“Kids always know how to manipulate their parents.”
I heard someone say that just a couple of days ago. The topic of conversation was tantrums, and it was one that was going on right beside me, but one that I wasn’t a part of. The general gist was this: Kids have tantrums to play their parents.
I see a tantrum and I see a child trying to communicate. (By the way, I really don’t like the word “tantrum” but I use it for the sake of this post because it’s a common and fairly universal term. We can all hear the word tantrum and envision essentially the same thing.)
We just spent three weeks driving across the country and spending time around a lot of different people. I witnessed many tantrums, by children and adults alike. The difference is, the adults weren’t put into timeout, or held against their will, or punished, or ignored. With other adults, we generally take it for what it is: an expressed moment of frustration. One would hope that adults could always communicate their feelings kindly and patiently, without resorting to what we’d classify as a tantrum. But the fact is, we’re human. We get stressed, frustrated, angry, and disappointed. Sometimes the heat of the moment gets the better of us. Sometimes we whine. Sometimes we yell. Sometimes we stomp and we huff and we skulk about. Yes, sometimes we’re the adult counterpart of the disappointed and crying toddler who was just told that she couldn’t get the doll she wanted in the toy store. Do we know that there are probably more effective ways of dealing with our emotions? Of course! But we’re human.
So sometimes, despite our best intentions, we have tantrums. Sometimes it’s just plain hard not to. How much harder it must be then for a 3 or a 5 or a 7 year old? For a child who doesn’t have our life experience, or maturity, or language skills? For a child who for some reason is not only expected to behave as well as a grownup, but somehow behave BETTER than a grownup?
Conventional parenting advice would have us believe that children should essentially be seen but not heard. They should be quiet and docile, obedient and submissive at all times. If they happen to have a strong emotion, they should suppress it, or at the very least express it only in a way that is convenient and comfortable and pleasing to us as their parents. They should be less than human.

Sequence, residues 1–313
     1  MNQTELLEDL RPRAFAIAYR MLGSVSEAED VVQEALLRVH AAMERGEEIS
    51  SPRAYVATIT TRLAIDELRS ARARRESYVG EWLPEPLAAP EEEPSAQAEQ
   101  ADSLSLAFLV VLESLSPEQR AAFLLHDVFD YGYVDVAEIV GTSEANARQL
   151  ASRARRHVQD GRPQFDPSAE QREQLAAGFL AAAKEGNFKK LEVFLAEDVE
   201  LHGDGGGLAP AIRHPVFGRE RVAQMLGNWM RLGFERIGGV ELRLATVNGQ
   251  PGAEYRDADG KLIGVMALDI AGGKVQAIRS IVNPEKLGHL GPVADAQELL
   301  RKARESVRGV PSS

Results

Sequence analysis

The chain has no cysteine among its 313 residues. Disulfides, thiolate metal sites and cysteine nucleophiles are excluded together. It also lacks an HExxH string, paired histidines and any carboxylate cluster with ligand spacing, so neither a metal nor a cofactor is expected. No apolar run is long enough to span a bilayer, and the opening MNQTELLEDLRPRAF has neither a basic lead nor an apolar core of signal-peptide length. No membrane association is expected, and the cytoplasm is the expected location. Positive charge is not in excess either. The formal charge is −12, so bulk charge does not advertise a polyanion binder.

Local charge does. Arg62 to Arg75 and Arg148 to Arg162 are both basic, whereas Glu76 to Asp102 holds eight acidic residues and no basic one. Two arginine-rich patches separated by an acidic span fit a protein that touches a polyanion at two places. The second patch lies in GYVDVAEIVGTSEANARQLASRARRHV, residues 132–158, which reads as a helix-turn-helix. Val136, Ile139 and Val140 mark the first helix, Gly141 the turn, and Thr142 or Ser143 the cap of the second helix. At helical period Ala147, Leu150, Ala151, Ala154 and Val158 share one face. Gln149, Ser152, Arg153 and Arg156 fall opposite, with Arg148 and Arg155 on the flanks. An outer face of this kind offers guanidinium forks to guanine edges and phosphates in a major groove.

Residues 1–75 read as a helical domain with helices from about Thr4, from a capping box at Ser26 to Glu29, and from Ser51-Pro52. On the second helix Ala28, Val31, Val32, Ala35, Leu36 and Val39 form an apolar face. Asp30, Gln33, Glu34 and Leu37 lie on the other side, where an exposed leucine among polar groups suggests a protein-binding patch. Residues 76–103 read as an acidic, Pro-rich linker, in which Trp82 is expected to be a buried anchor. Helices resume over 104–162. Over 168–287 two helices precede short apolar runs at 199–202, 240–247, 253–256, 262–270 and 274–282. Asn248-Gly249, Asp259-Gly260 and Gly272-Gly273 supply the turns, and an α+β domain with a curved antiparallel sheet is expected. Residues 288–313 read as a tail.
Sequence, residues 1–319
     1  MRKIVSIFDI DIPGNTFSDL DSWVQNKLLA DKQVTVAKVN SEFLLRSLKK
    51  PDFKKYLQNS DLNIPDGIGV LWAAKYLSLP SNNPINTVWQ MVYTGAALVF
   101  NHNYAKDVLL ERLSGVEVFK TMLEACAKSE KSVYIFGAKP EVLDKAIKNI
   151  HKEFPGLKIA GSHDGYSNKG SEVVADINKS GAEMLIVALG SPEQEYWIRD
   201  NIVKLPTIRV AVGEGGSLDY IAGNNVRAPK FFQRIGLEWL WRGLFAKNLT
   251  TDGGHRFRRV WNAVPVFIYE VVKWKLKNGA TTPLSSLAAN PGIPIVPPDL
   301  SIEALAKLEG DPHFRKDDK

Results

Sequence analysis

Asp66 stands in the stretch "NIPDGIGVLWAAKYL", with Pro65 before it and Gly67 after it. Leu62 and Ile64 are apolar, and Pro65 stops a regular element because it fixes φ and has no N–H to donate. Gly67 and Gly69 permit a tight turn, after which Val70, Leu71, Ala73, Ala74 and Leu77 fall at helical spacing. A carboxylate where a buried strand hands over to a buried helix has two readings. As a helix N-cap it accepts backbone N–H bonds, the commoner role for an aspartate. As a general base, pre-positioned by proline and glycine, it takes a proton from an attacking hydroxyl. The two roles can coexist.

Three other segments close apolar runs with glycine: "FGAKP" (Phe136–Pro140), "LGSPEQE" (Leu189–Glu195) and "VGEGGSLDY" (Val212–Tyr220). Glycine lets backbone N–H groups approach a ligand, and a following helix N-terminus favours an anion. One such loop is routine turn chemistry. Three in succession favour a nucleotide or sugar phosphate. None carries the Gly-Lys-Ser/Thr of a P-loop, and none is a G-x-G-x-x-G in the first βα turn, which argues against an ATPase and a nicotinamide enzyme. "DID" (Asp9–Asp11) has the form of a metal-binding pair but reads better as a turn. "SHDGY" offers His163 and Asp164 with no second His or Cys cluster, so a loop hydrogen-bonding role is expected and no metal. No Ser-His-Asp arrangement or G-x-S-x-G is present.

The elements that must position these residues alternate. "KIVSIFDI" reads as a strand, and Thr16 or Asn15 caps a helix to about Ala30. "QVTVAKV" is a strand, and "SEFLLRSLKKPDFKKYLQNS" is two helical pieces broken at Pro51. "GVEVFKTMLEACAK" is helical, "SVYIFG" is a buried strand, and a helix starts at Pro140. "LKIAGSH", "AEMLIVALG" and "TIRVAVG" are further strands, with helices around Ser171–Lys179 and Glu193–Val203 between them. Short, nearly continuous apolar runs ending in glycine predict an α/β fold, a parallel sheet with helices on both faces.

We hear things like how we need to stop it immediately, to “nip it in the bud” so it doesn’t become a bigger problem later on. To ignore it, and to ignore the child. We’re told we must never give in. They’re trying to manipulate us! They’re playing us! We must stop it!
I’d like to suggest something else entirely.
A tantrum is a way of communicating. It’s an expression of an emotion, a feeling, or a need. Your in-the-throes-of-a-tantrum child is not trying to manipulate you. He is trying to tell you something. And based on the deliverance, it’s most likely something pretty darn important! When an infant is crying because he has a soiled diaper, we recognize that it is legitimate need, and we attend to it. When an adult friend is crying because she’s had a bitter argument with a family member, we understand that she’s having a hard time, and we listen. Why then, should it be any different for all the ages in between? Discomfort, sadness, frustration, disappointment, anger…. these are normal, universal, human emotions. A child having a tantrum may be communicating any or all of the above, and she deserves to be heard. Many tantrums’ root cause is something even more basic: for example hunger, fatigue, or over-stimulation. Not only does hushing or punishing or ignoring do nothing to address the problem, but it also takes you further from a mutually respectful, and highly connected relationship… one in which no one feels they need to have a tantrum to get their needs met.
Kids will have tantrums. Sometimes kids will have lots of tantrums. And it’s not because they’re “bad”, or “naughty”, or “fresh”, or “playing” us…. but because they’re trying to tell us something.
It’s our job as parents to listen.